DITI aids in the early detection of breast cancer and other breast disorders by monitoring abnormal physiology. Worrisome physiologic changes are often detectable years before a tumor becomes visible on a mammogram. In about 70% of cases, thermal changes are the first sign of a developing cancer. The abnormal physiologic changes are not specific to cancer but are a marker of increased risk. A persistently positive thermogram is a far more accurate assessment of your breast cancer risk than family history.
All women can benefit from DITI breast screening. It is especially helpful in women between the ages of 30 and 50, whose denser breast tissue limits the effectiveness of mammography. The sensitivity of mammography alone in women with dense breast tissue is as low as 31%.1Thermography is also beneficial for women of all ages who, for any reason, are unable or unwilling to undergo routine mammography.
Because every woman’s breasts have a unique thermal pattern, it is important to establish a stable baseline before proceeding to routine annual screening. This is done by obtaining an initial thermogram, followed by another study three months later. If there is no interval change between the two studies, then your baseline has been established. In other words, we know what is normal for you. These baseline studies are then archived for annual comparison. Any change from this baseline is suggestive of developing pathology.
But which one is better–a mammogram or a thermogram? That’s what everyone wants to know. It’s a perfectly logical question, but it’s the wrong question. Both tests can produce images of the breasts, and both offer the possibility of early breast cancer detection. But other than that, they have nothing in common. They are different tests, produced in different ways, showing completely different things.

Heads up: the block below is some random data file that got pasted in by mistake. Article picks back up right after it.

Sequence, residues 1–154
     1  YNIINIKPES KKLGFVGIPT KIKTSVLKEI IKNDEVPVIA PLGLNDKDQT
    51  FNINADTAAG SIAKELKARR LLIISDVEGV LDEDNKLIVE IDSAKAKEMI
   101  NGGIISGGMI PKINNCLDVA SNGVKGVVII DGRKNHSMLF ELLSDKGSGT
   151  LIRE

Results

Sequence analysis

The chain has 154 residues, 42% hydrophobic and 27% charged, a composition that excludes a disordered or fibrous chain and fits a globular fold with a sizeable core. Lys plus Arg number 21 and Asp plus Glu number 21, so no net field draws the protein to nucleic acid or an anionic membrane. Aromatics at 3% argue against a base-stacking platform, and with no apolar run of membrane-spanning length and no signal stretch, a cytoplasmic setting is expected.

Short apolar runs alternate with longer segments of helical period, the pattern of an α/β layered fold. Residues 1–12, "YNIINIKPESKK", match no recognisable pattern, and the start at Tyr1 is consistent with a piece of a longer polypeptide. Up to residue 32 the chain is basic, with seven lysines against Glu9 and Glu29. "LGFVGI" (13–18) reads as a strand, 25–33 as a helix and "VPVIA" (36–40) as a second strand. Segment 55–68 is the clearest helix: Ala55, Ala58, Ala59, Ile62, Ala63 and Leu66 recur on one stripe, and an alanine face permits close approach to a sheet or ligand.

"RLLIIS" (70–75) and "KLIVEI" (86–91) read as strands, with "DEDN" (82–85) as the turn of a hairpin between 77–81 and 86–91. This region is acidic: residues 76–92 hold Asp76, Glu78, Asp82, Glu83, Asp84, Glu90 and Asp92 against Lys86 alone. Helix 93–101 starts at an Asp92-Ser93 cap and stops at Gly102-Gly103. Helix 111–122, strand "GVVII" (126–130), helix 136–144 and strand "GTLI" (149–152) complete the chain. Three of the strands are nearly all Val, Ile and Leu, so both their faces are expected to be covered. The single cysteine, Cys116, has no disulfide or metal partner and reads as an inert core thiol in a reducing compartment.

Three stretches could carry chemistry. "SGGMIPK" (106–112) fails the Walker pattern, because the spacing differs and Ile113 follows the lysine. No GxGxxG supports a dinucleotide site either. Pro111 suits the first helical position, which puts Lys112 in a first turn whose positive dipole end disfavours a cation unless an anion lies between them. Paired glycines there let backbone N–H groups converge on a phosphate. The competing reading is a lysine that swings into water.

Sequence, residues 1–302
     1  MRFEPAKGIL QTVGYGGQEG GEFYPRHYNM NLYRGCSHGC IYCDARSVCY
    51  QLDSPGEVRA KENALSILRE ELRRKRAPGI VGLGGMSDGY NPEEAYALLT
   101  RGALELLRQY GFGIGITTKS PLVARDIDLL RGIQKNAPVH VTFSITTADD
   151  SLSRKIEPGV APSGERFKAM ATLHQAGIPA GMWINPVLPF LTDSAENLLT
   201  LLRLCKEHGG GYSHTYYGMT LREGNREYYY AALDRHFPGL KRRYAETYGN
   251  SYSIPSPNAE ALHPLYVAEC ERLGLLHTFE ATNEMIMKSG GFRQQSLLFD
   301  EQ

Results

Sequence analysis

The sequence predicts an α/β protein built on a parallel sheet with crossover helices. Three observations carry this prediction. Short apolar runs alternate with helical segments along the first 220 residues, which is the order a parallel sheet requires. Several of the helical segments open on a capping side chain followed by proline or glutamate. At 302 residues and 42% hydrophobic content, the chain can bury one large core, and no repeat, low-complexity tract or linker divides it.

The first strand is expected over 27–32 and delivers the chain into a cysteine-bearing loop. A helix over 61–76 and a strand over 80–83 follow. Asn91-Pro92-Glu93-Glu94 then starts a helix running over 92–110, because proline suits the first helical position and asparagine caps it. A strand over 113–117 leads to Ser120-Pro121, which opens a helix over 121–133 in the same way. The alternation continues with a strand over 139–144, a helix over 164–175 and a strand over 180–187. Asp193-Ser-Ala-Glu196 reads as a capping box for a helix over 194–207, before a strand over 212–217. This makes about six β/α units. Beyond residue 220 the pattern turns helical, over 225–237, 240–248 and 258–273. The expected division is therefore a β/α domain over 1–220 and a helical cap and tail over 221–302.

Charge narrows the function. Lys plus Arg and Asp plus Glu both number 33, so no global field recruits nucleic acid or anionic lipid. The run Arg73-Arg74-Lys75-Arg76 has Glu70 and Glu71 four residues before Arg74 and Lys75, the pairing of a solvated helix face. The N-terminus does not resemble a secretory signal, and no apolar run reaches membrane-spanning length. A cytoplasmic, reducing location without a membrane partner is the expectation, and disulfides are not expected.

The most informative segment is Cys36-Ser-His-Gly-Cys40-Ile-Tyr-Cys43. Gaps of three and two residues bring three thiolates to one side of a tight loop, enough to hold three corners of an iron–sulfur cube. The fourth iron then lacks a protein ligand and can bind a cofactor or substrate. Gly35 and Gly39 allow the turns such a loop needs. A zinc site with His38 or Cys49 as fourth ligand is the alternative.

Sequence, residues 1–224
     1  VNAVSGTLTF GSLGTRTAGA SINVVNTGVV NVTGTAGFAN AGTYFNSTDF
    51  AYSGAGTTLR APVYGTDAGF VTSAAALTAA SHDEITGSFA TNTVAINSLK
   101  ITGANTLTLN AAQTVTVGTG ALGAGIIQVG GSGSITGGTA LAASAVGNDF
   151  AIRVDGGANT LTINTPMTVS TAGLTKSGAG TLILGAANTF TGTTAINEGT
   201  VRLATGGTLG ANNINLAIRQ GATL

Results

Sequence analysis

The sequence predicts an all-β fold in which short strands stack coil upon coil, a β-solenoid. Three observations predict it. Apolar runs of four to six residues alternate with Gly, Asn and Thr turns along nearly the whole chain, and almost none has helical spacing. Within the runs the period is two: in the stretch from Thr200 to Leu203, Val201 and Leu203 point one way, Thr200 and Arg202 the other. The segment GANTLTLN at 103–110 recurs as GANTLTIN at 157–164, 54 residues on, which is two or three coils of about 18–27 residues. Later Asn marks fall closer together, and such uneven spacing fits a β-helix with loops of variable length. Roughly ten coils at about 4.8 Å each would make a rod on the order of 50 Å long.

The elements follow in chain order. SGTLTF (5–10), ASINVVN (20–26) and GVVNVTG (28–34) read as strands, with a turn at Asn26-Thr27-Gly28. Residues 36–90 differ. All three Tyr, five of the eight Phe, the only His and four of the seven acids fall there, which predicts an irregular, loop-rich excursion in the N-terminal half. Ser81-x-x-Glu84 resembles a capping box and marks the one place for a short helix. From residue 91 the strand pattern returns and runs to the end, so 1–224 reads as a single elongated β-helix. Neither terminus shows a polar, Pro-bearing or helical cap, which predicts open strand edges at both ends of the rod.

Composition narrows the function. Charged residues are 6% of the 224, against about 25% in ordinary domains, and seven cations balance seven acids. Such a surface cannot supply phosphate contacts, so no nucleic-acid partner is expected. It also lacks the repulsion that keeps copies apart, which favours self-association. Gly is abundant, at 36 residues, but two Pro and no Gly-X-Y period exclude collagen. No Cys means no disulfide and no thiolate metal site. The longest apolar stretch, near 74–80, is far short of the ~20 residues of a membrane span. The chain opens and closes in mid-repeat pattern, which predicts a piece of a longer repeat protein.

Mammography can show you if you have a cancer or not, but other than that it has little purpose; thermography offers you the chance to become aware of worrisome physiological changes before there is a diagnosable cancer—which is when risk-reduction strategies such as diet, exercise, and stress reduction are most effective. Mammography involves radiation and breast compression; thermography requires neither. Mammography shows anatomy (structure); thermography is a physiological test only. Mammography can detect cancers very early, as small as a few millimeters; thermography cannot “see” a cancer but instead measures subtle temperature changes in the skin associated with underlying pathology.
Thermography can detect physiologic changes associated with a cancer while it is still at a cellular level—before it becomes visible on a mammogram. Thermography has other unique abilities as well. It can indicate estrogen dominance, an imbalance in estrogen levels associated with higher breast cancer risk. It can detect lymphatic congestion, also a precursor to disease. The effects of diet are also clearly seen. Women on a typical Western diet who switch to a healthier, plant-based diet show remarkable improvement in their thermal patterns. In short, thermography is a way to monitor breast health, not just a way to detect breast disease.
Thermography does not replace mammography. It is FDA approved as an adjunct to mammography. It adds a much needed piece to the early detection puzzle, providing risk information and possible early warning that mammography cannot.